To close those gaps and weather the broader economic downturn, we initiated a multiphase plan that sought to preserve the health and safety of our community; continue to deliver on our education, clinical, and research missions; and respond to the needs of our local and global communities in a moment of profound crisis while also ensuring responsible financial management of our $6 billion-plus enterprise. Foremost among our priorities was the need to limit, to the greatest extent possible, layoffs and furloughs of members of our workforce.
As a result of the strong performance of many of our divisions in the first three quarters of the last fiscal year, as well as critical mission support from the Johns Hopkins Health System, increased federal funding, and the hard work, creativity, and sacrifice of each of you, we are pleased to report that we have avoided the worst of the forecasts we were facing last spring.
Specifically, we ended FY20 with a modest surplus of $75 million on a budget of $6.5 billion, and we have reduced the projected deficit for the current fiscal year (FY21, which began July 1, 2020) from the $375 million forecast last April to $73 million as of now.
This $73 million deficit remains despite the $100 million savings due to the one-year suspension of retirement contributions and substantial additional savings from salary and hiring freezes for FY21. Without those sacrifices, our deficit would have been more than twice as severe. In normal times, a deficit of any kind—something that has happened only once in the past 25 years—would be an unacceptable and worrisome result. However, in a time of COVID-19, considering how much more severe our financial condition could have been, we are relieved and encouraged by this revised projection.
With this projected deficit, and the continued uncertainty we face as we enter the first full fiscal year under the shadow of COVID-19, prudence dictates that we maintain our austerity measures. In our financial planning and management, we lean toward caution, and we will not hesitate to again scale back our activities if necessary for public health and incur the unavoidable revenue losses attendant with that decision.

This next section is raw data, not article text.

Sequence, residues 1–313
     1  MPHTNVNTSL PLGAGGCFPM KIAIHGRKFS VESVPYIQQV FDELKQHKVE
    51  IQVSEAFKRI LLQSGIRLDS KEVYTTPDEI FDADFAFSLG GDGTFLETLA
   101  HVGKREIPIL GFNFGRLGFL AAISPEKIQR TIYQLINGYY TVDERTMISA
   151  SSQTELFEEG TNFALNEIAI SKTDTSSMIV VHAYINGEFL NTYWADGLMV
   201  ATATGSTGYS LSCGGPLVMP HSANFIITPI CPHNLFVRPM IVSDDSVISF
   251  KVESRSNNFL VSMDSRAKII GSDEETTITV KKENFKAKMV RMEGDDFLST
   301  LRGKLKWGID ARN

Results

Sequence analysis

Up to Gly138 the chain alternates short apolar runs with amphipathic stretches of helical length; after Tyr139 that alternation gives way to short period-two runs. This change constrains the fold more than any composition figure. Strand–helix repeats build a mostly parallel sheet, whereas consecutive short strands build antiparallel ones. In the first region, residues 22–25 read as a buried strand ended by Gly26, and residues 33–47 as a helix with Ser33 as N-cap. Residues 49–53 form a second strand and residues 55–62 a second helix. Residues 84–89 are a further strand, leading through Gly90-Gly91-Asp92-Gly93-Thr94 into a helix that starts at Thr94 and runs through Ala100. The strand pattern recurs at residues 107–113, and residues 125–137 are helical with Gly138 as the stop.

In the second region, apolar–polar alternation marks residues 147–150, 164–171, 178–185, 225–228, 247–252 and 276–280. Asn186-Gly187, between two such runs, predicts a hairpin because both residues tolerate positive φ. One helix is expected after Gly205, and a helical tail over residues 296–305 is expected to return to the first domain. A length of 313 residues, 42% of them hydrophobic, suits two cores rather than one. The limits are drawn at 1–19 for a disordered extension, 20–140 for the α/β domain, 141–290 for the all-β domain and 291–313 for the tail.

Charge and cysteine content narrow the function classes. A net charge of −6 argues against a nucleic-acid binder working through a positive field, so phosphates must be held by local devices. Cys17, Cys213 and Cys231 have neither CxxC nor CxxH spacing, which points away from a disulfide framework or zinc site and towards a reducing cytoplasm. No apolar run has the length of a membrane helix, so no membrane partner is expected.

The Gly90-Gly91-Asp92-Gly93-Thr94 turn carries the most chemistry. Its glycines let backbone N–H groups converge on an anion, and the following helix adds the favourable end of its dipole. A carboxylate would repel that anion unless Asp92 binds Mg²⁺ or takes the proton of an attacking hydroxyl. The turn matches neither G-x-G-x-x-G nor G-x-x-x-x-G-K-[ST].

But we are cautiously optimistic that we will not need to undertake any significant new mitigation actions in this fiscal year beyond those detailed in our earlier guidance. And if, instead, university finances improve enough for us to reconsider reversing previous actions for this year, we will not hesitate to do so.
Further, we remain determined to confine our COVID-19 austerity measures to the current fiscal year alone. We are committed to resuming full retirement contributions, regular salary increases, and hiring beginning July 2021. Indeed, the university and its divisions have included this resumption in our five-year budget planning in order to support the core academic mission of the university.
In the same spirit with which I communicated our initial efforts in the spring, you will find more detail on the university’s current financial picture and future plans on our coronavirus information website. As ever, you have my deepest gratitude for your exemplary and tireless work to help our university not merely endure this moment but emerge from it stronger and ever more prepared to advance our academic mission.
Stay safe and be well,
Ronald J. Daniels